I rarely write about race, because it’s hard for most of us to listen to someone else’s point of view. We cling to what we’ve been trained to believe.
In America, the dichotomy between perception and reality is vast, and it is informed by the complexities of our backgrounds. That is an ominous truth, a truth so large that it often prevents us from hearing one another.
As a black man, I have seen this truth play out in my own life in many situations.
I’ve seen it in elevators where white women clutch their purses when I board, and in streets where younger black men see my Brooks Brothers suits as an ugly denial of my blackness.
I’ve seen it in offices where receptionists look afraid when I walk in for an appointment, and in the minds of young brothers who believe their greatest power is wrapped up in the barrel of a gun.
Yes, there are problems with black men. Too many of us kill each other. Too many of us are in prison. Too many of us are unemployed. Too many of us have lost hope.
Though racism is real, it is not the sole reason for these realities. The fact is that we are all responsible for our own actions.
But not all of our actions are negative.
The positive side
There are black men who are community leaders, husbands, fathers, sons and workers.
There are black men who are just that — men. And, these men are being recognized through a major investment by the Knight Foundation.
Black Male Engagement (BMe) is a network of community-minded black men that began two years ago with pilot programs in Philly and Detroit. It will receive a $3.6 million investment from the John S. and James L. Knight Foundation to help grow the size and power of BMe, which expanded this year to Pittsburgh and Baltimore.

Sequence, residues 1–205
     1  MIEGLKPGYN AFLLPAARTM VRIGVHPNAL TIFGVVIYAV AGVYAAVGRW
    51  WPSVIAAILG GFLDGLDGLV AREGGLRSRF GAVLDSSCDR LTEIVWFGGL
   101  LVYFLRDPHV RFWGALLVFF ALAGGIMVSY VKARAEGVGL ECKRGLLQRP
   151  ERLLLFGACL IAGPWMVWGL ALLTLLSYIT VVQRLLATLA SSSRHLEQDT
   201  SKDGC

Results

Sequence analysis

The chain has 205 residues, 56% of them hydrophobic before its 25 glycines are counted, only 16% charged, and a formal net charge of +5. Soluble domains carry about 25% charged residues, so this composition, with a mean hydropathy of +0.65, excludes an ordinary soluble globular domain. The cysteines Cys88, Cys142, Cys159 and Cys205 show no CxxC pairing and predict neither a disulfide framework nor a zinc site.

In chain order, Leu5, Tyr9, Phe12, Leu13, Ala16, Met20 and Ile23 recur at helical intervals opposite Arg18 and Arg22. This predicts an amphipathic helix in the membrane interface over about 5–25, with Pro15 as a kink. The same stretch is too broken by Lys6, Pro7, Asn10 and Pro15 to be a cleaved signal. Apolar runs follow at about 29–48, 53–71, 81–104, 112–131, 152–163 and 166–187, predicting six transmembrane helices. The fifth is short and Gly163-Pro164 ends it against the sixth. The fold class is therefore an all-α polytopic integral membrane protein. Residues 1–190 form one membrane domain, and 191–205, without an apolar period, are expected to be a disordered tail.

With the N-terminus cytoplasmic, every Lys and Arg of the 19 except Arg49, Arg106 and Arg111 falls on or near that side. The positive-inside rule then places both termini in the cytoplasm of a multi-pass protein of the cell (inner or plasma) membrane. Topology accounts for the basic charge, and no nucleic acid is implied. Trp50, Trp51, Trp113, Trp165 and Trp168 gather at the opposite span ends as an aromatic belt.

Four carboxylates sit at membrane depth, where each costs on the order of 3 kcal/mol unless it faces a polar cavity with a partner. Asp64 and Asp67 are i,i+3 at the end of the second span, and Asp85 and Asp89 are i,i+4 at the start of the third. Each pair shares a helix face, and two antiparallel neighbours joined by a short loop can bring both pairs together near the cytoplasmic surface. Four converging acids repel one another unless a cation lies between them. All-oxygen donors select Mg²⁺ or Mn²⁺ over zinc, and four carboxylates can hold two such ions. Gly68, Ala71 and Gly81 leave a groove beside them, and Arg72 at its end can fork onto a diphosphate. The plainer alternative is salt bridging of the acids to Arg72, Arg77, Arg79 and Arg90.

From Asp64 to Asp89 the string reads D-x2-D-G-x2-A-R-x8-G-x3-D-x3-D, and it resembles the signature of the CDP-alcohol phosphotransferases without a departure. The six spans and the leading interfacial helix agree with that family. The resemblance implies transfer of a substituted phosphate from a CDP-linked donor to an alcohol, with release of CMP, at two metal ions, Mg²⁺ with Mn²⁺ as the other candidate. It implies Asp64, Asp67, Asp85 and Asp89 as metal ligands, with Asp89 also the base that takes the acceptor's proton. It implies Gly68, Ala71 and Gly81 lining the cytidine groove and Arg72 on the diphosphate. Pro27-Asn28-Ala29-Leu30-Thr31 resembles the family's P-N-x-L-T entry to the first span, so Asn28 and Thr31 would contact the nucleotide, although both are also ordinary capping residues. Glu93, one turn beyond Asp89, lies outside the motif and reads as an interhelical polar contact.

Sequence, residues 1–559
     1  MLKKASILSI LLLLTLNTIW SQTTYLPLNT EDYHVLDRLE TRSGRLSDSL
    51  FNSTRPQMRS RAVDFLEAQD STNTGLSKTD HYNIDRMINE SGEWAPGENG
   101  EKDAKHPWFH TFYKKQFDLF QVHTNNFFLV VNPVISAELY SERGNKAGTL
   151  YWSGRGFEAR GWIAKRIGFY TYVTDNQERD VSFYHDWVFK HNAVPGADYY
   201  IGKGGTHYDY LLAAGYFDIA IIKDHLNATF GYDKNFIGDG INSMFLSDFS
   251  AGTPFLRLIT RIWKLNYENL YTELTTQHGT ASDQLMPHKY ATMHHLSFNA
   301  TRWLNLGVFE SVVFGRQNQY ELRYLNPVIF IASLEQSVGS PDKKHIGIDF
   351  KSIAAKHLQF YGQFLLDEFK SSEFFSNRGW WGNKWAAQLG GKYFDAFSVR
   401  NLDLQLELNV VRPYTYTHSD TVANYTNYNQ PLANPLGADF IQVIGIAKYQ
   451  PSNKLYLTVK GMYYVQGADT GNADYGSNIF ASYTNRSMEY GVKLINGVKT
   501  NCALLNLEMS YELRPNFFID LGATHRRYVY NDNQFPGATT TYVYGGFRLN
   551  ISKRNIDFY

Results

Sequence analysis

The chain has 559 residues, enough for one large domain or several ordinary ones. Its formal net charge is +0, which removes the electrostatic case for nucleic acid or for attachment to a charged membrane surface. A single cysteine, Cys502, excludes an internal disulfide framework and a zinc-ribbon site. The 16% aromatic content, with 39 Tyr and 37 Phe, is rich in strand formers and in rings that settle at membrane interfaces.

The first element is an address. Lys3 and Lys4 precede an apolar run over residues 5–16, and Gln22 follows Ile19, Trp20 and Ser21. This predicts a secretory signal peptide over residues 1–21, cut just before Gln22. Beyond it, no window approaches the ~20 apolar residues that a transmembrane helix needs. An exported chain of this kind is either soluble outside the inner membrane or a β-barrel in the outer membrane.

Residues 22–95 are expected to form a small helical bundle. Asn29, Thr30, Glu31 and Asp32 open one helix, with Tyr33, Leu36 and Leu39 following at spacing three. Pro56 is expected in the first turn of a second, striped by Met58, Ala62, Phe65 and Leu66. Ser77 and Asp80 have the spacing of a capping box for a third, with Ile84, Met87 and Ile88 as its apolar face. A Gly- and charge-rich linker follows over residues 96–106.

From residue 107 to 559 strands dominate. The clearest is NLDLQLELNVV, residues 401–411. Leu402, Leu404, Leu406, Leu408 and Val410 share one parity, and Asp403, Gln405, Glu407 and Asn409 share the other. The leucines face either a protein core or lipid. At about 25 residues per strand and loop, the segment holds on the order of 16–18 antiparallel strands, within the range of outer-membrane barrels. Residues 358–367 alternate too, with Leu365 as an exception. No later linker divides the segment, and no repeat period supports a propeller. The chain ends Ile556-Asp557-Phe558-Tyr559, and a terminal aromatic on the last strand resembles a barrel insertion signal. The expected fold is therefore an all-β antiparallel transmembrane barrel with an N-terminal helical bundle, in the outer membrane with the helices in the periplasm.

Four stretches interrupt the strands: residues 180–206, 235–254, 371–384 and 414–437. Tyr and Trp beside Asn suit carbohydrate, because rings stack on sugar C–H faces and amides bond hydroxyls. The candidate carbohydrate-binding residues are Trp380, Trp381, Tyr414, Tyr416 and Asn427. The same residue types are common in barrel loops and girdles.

There is plenty of work to be done.
I know this because I was one of 20 men recognized by the Knight Foundation in 2011, when the BMe campaign began.
I met Ari Merretazon, a Vietnam veteran who works on behalf of the men and women who return home scarred by the horrors of war.
I met Tyree Dumas, a young man who founded The Dollar Boyz — a dance group with a message.
I met Alex Peay, who founded Rising Sons, an after-school program to guide young black men toward success.
Stories that go untold
Their stories are frequently lost in the negative imagery that is too readily attached to black men.
I’ve read the statistics that can be skewed to make our various problems seem even worse.
I’ve seen the stories that are repeated each night on the news.
And, in the 45 years I’ve walked this earth as a black male, I’ve seen the reactions to how I look, rather than who I am; reactions that are based on imagery.
But, men I know belie the image of the black man as violent and ruthless. The men I know defy the image of the black man as irresponsible and uncaring. The black men I know are just that — men. And so are the majority of black men in America.
BMe in action
BMe president Trabian Shorters knew that when he took on the initiative. Asked what gives him hope for the future of black men, he points to the examples he knew growing up.
“My grandfather. My father. My uncle Charles. Richard Swoop. My sons. I am all these black men,” Shorters said. “They are a minister, an engineer, a soldier, an ex-gangster and children, imperfect, idealistic, wounded and relentless in their determination to be free. That’s us, BMe Brothers.”
Indeed, that’s what I see when I look at black men. I see potential. I see success. I see imperfection. I see pain. I see people swimming against the tide, and still, in spite of it all, making it through.
That reality reminds me of something I heard Rising Sons founder Alex Peay say at a Knight Foundation breakfast centered on black males back in February.
“We are the survivors, which means we can do anything,” he said. “If you have looked throughout history, no matter what has happened we have always survived. We have always overcame something, which means that no matter what happens, it is in us, it is in our blood, to always survive.”
More about the BMe campaign at http://bmecommunity.org.
Disclosure: WHYY receives funding from the John S. and James L. Knight Foundation.